Right. Let’s not touch up, and Alex, you mentioned the role of the board is to oversee the CEO and not work for the CEO. In reality, when you go into a public company, that’s potentially haven’t had a lot of success or is stagnating, the board usually has been assembled by the CEO over many, many, many years. They’re friends, they sit on each other’s boards, they’re all on the same network, and they all tend to have groupthink a little bit. What are the steps to then make that change? Because you got to get them on board, you’re coming in as an outsider, there’s probably going to be barriers, there’s probably going to be a few people who want to work with you, and you got to kind of mesh everything together. So how does that work?

Alex Denner:

Yeah, no, that’s an excellent point. When we come in as activists, it’s usually because the company’s underperforming and exactly that problem exists, right? So the directors… Now, just kind of to start kind of at a high altitude and dive in here, most people who are on boards are good people, right? And the vast majority of directors do not have nefarious intentions to do the wrong thing or to act inappropriately, the vast majority. There are some that do have those. We’ve come across people like that too, but the vast majority of people kind of want to do the right thing. But if you think about it, on a public company board, the individual director, he or she doesn’t usually own stock, and usually doesn’t have the time or resources to do independent work as to sort of assess the company.

Alex Denner:

So, I was put in the lines of a widget factory just to kind of sort of distance it a little from kind of a biotech thing. But the CEO decides, “Okay, we’re going to build a new widget factory.” And he says, “Okay, this widget factory is going to cost a billion dollars.” And you hire some fancy consulting companies to make super nice PowerPoint slides that show you this billion dollars will be the best billion dollars the companies ever spent, blah, blah, blah, blah, blah. And the board, the directors all come to a meeting, having seen this in the board materials a few days before, but really having no background on it, if it’s the first time it’s been mentioned. And then they’re expected to sort of kind of opine on that.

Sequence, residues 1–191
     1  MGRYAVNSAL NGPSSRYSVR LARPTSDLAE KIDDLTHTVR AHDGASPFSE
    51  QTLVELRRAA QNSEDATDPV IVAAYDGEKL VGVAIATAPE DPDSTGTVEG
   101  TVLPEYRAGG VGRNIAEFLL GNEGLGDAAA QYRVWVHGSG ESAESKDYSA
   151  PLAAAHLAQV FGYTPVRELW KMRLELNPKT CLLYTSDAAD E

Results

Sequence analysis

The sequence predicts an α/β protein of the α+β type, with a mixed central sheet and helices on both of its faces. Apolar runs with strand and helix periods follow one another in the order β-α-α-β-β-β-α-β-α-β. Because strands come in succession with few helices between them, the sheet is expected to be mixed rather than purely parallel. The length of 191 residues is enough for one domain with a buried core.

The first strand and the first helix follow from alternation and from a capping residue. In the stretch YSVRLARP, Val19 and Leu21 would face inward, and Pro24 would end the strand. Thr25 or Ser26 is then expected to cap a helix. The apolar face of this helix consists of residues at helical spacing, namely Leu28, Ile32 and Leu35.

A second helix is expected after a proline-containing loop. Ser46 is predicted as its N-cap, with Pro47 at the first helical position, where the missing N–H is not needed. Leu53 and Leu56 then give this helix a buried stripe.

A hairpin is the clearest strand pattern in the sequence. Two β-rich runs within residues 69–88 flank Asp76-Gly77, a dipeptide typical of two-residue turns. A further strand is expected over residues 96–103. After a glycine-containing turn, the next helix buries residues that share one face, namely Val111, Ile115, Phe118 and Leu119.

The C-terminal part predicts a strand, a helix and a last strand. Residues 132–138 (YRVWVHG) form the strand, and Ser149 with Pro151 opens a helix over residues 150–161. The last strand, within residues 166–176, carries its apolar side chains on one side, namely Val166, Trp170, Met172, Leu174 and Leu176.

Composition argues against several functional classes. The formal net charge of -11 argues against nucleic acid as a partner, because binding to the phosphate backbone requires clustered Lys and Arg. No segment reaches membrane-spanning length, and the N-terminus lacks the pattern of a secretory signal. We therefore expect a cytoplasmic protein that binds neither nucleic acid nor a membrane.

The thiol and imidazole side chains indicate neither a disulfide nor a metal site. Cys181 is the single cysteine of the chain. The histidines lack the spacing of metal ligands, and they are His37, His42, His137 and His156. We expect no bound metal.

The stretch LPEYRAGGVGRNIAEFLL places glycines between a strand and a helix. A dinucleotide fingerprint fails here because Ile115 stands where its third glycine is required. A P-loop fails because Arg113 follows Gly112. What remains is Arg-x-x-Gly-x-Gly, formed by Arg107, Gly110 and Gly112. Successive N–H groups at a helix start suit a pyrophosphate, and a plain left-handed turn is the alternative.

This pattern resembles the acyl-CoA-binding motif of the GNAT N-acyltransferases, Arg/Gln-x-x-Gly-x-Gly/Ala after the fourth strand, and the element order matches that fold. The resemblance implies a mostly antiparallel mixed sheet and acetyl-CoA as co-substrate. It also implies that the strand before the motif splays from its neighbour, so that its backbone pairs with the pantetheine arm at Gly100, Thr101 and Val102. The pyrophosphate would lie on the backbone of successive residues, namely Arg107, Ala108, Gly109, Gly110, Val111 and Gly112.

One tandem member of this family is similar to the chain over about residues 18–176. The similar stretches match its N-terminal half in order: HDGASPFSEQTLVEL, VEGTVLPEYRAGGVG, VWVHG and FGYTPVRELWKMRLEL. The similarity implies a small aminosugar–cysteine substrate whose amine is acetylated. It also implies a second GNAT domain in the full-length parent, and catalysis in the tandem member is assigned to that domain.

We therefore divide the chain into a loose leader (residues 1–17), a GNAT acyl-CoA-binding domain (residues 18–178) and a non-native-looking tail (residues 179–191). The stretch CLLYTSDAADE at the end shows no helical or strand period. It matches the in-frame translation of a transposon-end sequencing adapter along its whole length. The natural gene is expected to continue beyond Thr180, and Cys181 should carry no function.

Alex Denner:

Now, if they haven’t done kind of any thoughtful work and they usually don’t, it’s not their fault, but they usually don’t have the time or the inclination because they don’t own hundreds of millions of stock usually. So it’s not worth hiring their own consultants. They’re just going to more or less take the party line there and just go with the idea that the billion dollars is the right place to invest in this widget factory. It sounds bizarre to say, but often the shareholder, the owner of that money, the billion dollars, in this example, doesn’t sit at the table really, right? And it’s sort of easy for people to say, “Well, the management team’s aligned around this idea of building a new widget factory and it sounds like a good idea and they made a nice presentation, so let’s ahead and do that.”

Alex Denner:

Now if you go out and talk to the people that own the stock, they’d be like, “Oh my God, there’s so many other important things to do with that money.” Right? But there isn’t a mechanism for most directors to even hear that, right? So that’s an important starting point. I don’t want to make this particular discussion too long. I don’t want to drag on here on, but I think that’s an important starting point on kind of how you start with directors. So most of them are not bad people, but they easily fall into the company line because there is nobody that comes up at the board meeting after the widget factory presentation and says, “Here’s the counterpoint. This is why we shouldn’t do that. I have another use for the billion dollars.” That very rarely if ever happens.

Yaron Werber:

Yeah.

Alex Denner:

Right? So, then you say, Okay, well, as activists we have to kind of create what we call a Socratic dialogue, right? And so we have to have that Socratic dialogue where people say, “Wow, there’s two sides to this. We can spend the money here, or we could spend it somewhere else, or we could give it back to Cheryls, or we could do something else with it.” It’s not just that the widget factor is the only solution. And at the same time, you have to do that in a way with this assumption that most people are not bad actors in a way that doesn’t rub their noses in the sort of the mistakes of the past. So, it’s a little bit of a balancing act where you sort of have to be respectful to the decisions that have been made in the past that we probably think were the wrong decisions, but they made them.

Alex Denner:

So you want to point out that they’re wrong, but you don’t want to rub their noses in and say, “This is terrible.” Because then they’re less likely to kind of work constructively. You just want to get them to work constructively on the future and have a Socratic debate about that.

Yaron Werber:

Yeah.

Alex Denner: